- He or she will be selected by the NCAA, in consultation with the university and the Big Ten Conference.
- He or she will have access to any university facilities, personnel and non-privileged documents and records as are reasonably necessary to assist in the execution of his or her duties. The university shall preserve all such records as directed by the monitor.
- He or she will have the authority to employ legal counsel, consultants, investigators, experts and other personnel reasonably necessary to assit in the proper discharge of his or her duties. His or her expenses will be paid by the university, and the university shall indemnify and hold harmless the monitor and his or her professional advisors from any claim by any third party except for conduct: a) outside the scope of the monitor's duties; b) undertaken in bad faith; or c) constituting gross negligence or willful misconduct.
Frequently Asked Questions
Why not the death penalty?
Imposing the death penalty does not address the cultural, systemic and leadership failures at Penn State. Instead, our approach demands that they become an exemplary NCAA member by eradicating the mindset that led to this tragedy.
If imposed, the death penalty would impact far more student-athletes than those at the Penn State program. Indeed, hundreds of student-athletes who are not even Penn State students would be negatively impacted.
Isn't this basically the death penalty?
The NCAA sanctions on Penn State, taken in sum, far exceed the severity of shutting down a program for a year or two. Our sanctions address the cultural change necessary at Penn State. What some refer to as the death penalty was not severe enough.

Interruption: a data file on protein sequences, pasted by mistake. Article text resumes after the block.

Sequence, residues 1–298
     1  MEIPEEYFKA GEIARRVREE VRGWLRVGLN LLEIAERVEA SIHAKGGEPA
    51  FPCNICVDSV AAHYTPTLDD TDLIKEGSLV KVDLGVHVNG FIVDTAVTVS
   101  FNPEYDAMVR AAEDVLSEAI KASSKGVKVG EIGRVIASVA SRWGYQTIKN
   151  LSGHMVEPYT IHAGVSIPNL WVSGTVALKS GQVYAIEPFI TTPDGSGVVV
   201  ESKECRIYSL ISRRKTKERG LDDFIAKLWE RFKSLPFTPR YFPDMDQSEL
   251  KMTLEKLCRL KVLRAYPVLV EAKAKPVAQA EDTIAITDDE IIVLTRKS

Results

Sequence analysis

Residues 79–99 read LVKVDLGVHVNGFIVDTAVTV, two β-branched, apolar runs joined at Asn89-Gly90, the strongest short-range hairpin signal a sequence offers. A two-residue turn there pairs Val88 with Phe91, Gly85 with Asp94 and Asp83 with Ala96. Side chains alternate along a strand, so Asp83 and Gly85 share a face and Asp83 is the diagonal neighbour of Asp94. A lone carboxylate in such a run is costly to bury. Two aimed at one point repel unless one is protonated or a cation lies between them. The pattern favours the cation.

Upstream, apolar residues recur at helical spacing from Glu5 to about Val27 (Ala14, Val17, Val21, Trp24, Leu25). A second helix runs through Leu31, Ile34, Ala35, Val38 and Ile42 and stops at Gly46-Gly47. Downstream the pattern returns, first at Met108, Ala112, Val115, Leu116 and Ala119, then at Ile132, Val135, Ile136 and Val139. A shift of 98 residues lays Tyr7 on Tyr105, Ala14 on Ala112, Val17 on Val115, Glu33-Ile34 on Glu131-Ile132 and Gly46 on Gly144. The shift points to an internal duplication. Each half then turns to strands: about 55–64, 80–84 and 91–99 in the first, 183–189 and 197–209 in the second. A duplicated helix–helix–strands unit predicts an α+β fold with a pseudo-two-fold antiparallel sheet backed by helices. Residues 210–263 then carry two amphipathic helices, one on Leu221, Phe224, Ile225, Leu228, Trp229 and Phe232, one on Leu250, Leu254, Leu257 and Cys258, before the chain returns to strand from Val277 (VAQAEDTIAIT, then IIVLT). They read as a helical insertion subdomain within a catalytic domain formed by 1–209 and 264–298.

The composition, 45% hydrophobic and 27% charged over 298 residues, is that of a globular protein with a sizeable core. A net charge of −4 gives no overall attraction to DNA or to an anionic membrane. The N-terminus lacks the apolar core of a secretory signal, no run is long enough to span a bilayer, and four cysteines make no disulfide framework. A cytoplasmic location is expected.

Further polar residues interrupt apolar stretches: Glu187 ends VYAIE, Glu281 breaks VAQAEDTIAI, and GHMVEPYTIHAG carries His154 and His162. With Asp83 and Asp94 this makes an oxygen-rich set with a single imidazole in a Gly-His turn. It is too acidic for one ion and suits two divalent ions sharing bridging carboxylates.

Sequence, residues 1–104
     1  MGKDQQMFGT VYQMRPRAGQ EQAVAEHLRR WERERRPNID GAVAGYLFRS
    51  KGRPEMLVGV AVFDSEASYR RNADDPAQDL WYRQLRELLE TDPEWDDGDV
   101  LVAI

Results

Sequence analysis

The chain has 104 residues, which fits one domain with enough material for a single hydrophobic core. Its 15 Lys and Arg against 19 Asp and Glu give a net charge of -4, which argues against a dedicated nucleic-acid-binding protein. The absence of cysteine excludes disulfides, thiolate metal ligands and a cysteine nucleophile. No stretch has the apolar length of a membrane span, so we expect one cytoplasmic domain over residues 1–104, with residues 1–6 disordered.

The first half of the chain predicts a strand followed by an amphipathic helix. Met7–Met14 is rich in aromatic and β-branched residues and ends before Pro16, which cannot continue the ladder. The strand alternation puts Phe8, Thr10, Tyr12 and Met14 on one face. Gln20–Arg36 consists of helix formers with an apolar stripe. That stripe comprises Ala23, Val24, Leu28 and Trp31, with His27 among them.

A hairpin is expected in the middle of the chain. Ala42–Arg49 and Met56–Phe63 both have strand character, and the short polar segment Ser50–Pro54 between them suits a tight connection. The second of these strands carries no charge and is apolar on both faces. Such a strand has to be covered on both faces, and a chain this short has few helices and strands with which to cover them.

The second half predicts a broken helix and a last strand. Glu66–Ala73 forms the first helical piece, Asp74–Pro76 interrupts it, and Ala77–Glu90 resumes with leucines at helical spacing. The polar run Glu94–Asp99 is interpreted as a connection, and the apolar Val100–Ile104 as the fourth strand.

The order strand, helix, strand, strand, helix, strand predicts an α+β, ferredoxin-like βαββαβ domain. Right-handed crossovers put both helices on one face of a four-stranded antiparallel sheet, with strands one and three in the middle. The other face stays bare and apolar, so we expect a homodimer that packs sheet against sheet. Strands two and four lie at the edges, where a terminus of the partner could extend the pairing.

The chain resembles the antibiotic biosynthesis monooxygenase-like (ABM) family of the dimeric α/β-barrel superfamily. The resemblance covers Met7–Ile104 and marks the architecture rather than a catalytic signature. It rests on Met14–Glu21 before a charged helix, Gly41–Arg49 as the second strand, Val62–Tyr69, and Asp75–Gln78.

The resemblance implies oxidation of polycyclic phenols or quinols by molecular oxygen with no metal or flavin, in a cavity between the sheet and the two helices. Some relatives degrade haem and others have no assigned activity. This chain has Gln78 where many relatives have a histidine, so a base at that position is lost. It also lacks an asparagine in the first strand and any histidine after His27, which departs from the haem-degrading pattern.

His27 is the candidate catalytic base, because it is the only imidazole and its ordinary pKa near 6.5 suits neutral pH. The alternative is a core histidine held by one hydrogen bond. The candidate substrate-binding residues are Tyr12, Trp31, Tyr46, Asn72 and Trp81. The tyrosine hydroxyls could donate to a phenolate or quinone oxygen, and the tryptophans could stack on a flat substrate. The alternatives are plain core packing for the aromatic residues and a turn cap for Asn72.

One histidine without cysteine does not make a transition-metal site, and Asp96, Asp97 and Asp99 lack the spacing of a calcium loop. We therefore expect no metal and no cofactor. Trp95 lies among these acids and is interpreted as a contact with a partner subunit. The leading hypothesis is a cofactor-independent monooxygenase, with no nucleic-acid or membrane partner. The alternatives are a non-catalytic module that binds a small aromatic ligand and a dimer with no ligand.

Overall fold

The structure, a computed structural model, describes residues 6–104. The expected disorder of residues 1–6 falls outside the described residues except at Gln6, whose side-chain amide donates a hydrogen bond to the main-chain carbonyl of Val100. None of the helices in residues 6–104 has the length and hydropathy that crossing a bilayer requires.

What does probation mean?
Probation is a five-year period in which Penn State may be subject to more severe penalties if it does not adhere to these requirements or it violates NCAA rules in any sport during this period.
Why are you penalizing the current student-athletes?
The NCAA recognizes that student-athletes are not responsible for these events and utilized penalties that will minimize the impact on entering and current football student-athletes. Any entering or current football student-athlete will be allowed to immediately transfer and compete.
How did you arrive at $60 million?
The NCAA imposed a $60 million penalty on the university, which is equivalent to the average gross annual revenue of the football program.
How does the vacation of records work?
All wins are removed from the NCAA's official records. Wins attributed to the coach of a team whose penalties are vacated will also be expunged. Opposing teams are not granted wins.
Will Penn State be eligible for the Big Ten championship game?
Won't limiting Penn State to 65 total scholarships cause it to potentially take scholarships away from current student-athletes?
Penn State is prohibited from taking scholarships away from current or incoming student-athletes. (Note: The current 2012 Penn State roster lists 96 student-athletes on the team, 25 of whom are seniors in terms of eligibility.)